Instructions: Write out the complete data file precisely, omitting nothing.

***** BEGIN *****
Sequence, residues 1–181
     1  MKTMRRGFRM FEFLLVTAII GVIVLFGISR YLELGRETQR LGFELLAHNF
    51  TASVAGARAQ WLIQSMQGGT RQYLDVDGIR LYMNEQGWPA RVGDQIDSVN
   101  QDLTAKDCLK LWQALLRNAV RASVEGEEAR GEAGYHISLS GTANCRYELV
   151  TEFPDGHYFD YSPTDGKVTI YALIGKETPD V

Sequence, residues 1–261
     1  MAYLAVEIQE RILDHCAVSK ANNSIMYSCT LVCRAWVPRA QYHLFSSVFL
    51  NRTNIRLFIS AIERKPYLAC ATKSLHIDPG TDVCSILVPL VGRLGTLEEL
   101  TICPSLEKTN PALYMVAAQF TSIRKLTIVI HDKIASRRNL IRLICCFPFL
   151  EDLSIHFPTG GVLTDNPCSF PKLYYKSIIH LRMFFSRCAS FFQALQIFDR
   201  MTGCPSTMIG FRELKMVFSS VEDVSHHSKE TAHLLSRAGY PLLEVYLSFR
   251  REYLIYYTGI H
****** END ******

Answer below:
Sequence, residues 1–181
     1  MKTMRRGFRM FEFLLVTAII GVIVLFGISR YLELGRETQR LGFELLAHNF
    51  TASVAGARAQ WLIQSMQGGT RQYLDVDGIR LYMNEQGWPA RVGDQIDSVN
   101  QDLTAKDCLK LWQALLRNAV RASVEGEEAR GEAGYHISLS GTANCRYELV
   151  TEFPDGHYFD YSPTDGKVTI YALIGKETPD V

Sequence, residues 1–261
     1  MAYLAVEIQE RILDHCAVSK ANNSIMYSCT LVCRAWVPRA QYHLFSSVFL
    51  NRTNIRLFIS AIERKPYLAC ATKSLHIDPG TDVCSILVPL VGRLGTLEEL
   101  TICPSLEKTN PALYMVAAQF TSIRKLTIVI HDKIASRRNL IRLICCFPFL
   151  EDLSIHFPTG GVLTDNPCSF PKLYYKSIIH LRMFFSRCAS FFQALQIFDR
   201  MTGCPSTMIG FRELKMVFSS VEDVSHHSKE TAHLLSRAGY PLLEVYLSFR
   251  REYLIYYTGI H